For a long time, some recyclers -- and even more municipalities -- have had a big problem with the resin identification code. Now someone is stepping up and proposing a plan that could be an alternative -- and, frankly, a major improvement. But this is a decision that impacts recyclers, processors, toolmakers, product designers, resin suppliers -- just about everyone in the plastics industry. So let's consider this next move carefully. PN staff reporter Mike Verespej wrote about the new "Education Without Numbers" campaign last week. His story -- "Drive ditches recycling codes" -- quickly became one of the best-read on our website. Patty Moore, president of Moore Recycling Associates Inc., helped develop the program for the Association of Postconsumer Plastic Recyclers with funding support from the American Chemistry Council. She told PN that it was "essential that we move plastic recycling beyond the numbers because, in my opinion, the RIC [resin identification code] is holding back recycling." That's not a new complaint. More than a year ago, Mike wrote about a survey of recycling officials from 29 states which found that an overwhelming majority thought the codes are "confusing to the public and hinder recycling efforts." At the time, more than three-quarters of those surveyed -- or 77 percent -- said they get phone calls and emails from people saying they don't understand the codes. Even more, 88 percent, said the general public doesn't understand why municipalities can't accept all plastics. But the concerns about the recycling code go back much farther. I've been hearing complaints about the "chasing arrows" resin ID codes -- and how the plastics industry was using them -- for 20 years. Recyclers say the code adds an unnecessary layer of confusion and prevents more plastics from being recycled. Putting the code on a container implies to some consumers that their community will accept them in the recycling stream. But the reality is the code doesn't have a lot of meaning for most recyclers. If you want to recycle PET and polyethylene bottles, for example -- the most commonly recycled materials -- then you might think of thermoformed PET containers and polyethylene grocery bags as contaminants. But try explaining that to consumers who just want to do the right thing and recycle as much plastic as they can. The resin codes were created 24 years ago to help recyclers sort different types of plastics. But few recyclers sort any containers by hand these days. And the resin ID code is too small and difficult to read on many bottles to have much purpose. So if most recyclers don't want the resin ID codes, then they've outlived their purpose -- right? The answer may be more complicated. First, APR's "Education Without Numbers" campaign doesn't really replace the resin identification code. Rather it would create graphics that communities can use on fliers, websites and signage to educate consumers about the plastics they collect. Second, "Education Without Numbers" isn't the only alternative. Earlier this year, the Sustainable Packaging Coalition started to roll out its own program -- a voluntary Package Recovery Label System -- also aimed at reducing consumer confusion. And don't forget that ASTM International Inc. is knee-deep in its plans to update the existing resin identification code -- adding new categories and more specific information to help consumers and recyclers. That project will take time, but it's also likely to come up with improvements to the existing codes. Can resin ID codes coexist with "Education Without Numbers"? The answer is yes -- although some recyclers might not be happy with that option. Our sister publication Waste & Recycling News had an interesting take on the subject in this week's editorial column (their cartoon, by Leo Michael, is below). The column, "Changing plastics numbering system a good start," applauds APR's motives, but adds that "we fear yet another labeling system is only going to puzzle, annoy and discourage people who want to recycle." The recycling industry's goal, according to WRN, should be to be able to handle a single stream of all plastics, including bags, foam and film. "It's our job to figure out how to sort and process it all," the newspaper wrote. "It's a lofty goal for sure, given the wide-ranging physical and chemical characteristics of the different plastics." That's a great point. It's definitely in the plastics industry's interest to take that big-picture approach.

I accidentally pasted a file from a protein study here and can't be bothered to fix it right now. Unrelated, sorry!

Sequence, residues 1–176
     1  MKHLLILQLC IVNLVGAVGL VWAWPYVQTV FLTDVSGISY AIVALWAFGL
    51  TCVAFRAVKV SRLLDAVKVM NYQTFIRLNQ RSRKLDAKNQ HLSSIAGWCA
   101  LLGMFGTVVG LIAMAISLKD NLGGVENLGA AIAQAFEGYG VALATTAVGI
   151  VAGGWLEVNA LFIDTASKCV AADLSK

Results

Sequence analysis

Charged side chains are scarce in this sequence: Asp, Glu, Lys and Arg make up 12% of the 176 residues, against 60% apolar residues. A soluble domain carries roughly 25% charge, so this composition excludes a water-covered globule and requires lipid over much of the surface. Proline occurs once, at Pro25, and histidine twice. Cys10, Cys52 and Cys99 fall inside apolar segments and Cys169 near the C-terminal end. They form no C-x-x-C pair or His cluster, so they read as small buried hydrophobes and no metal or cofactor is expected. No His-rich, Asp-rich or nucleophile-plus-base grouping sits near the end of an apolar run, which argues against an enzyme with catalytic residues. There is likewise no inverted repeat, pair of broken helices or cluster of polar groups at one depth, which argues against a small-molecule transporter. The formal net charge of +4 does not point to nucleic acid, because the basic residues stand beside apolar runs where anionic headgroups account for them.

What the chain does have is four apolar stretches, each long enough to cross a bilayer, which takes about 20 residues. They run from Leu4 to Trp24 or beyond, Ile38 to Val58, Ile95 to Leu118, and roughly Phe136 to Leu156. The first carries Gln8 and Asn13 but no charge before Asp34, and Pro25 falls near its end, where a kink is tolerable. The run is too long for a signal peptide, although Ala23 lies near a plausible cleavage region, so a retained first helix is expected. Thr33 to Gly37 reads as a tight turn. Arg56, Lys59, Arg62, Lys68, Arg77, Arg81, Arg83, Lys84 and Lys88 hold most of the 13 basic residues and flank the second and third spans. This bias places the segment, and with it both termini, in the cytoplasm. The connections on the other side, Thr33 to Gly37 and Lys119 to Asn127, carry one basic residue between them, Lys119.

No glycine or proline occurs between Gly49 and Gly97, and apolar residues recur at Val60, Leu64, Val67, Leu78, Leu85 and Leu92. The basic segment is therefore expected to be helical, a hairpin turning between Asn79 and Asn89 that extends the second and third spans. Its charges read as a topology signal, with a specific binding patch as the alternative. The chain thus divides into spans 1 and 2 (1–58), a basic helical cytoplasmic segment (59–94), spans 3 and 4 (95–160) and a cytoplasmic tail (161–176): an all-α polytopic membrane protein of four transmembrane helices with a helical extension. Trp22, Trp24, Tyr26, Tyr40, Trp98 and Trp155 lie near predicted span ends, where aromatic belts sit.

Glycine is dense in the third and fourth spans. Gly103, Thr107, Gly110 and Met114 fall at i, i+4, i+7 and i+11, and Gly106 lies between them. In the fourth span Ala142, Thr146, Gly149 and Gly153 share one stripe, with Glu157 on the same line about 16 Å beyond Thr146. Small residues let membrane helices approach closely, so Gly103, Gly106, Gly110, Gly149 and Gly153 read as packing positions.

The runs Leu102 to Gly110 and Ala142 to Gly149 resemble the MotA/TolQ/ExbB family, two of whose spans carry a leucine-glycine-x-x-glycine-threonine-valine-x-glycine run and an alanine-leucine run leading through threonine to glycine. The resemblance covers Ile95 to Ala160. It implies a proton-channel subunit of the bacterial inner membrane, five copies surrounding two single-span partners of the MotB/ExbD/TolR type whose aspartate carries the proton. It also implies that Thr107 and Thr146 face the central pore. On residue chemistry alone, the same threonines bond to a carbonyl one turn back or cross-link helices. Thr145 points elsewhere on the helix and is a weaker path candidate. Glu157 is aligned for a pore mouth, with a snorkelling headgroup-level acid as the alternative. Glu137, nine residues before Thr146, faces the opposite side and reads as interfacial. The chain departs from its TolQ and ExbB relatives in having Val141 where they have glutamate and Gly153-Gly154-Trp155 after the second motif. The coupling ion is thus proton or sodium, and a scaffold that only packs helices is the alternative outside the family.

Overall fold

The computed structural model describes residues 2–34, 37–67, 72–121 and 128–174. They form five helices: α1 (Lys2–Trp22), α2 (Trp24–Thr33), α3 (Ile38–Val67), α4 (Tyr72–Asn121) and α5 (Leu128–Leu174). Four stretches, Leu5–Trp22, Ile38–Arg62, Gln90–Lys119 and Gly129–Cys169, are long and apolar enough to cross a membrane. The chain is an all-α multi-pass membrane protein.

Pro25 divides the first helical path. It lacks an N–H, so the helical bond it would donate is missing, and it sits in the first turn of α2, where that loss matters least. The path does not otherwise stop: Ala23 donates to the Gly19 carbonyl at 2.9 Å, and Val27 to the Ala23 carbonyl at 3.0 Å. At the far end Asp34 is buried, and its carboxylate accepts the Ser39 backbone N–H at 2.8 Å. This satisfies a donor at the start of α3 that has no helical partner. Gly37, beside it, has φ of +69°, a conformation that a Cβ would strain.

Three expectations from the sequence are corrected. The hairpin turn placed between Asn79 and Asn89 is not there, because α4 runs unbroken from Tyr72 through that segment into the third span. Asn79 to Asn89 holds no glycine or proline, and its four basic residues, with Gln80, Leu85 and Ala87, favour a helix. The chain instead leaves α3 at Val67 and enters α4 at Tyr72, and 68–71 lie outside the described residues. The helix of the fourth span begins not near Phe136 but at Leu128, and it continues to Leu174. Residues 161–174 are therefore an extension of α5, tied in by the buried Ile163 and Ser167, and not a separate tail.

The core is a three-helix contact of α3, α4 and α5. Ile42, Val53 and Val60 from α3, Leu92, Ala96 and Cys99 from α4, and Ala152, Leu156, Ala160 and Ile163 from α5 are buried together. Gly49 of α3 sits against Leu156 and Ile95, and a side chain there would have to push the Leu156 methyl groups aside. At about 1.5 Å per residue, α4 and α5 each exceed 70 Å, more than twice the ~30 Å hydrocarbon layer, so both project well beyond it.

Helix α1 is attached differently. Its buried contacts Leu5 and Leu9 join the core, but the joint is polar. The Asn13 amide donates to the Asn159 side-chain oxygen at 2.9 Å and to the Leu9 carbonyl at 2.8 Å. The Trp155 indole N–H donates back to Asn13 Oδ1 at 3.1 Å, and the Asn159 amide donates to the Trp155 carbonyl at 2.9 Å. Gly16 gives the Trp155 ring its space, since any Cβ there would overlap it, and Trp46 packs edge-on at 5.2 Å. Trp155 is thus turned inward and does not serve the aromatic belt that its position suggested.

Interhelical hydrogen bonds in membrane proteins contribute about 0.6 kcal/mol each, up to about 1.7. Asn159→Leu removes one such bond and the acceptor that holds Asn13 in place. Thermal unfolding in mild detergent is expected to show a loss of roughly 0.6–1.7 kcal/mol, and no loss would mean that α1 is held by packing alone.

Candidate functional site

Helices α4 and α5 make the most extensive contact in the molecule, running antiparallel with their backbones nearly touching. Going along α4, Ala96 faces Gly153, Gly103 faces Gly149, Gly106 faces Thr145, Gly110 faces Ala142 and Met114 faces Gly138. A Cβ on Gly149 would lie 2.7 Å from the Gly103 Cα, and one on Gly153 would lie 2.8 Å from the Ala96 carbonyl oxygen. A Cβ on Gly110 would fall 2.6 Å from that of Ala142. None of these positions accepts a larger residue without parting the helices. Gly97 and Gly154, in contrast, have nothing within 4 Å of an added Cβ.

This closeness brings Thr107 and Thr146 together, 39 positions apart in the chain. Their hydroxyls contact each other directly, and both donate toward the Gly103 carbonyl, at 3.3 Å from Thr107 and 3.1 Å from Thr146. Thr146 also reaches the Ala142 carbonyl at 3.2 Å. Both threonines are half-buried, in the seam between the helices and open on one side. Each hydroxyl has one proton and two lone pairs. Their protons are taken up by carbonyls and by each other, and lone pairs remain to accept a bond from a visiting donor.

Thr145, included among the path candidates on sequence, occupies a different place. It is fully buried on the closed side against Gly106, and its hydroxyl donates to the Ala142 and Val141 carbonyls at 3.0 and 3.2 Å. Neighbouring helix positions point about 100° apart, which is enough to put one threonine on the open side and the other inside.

Should we ditch the resin identification codes?
Do you have an opinion about this story? Do you have some thoughts you'd like to share with our readers? Plastics News would love to hear from you. Email your letter to Editor at [email protected]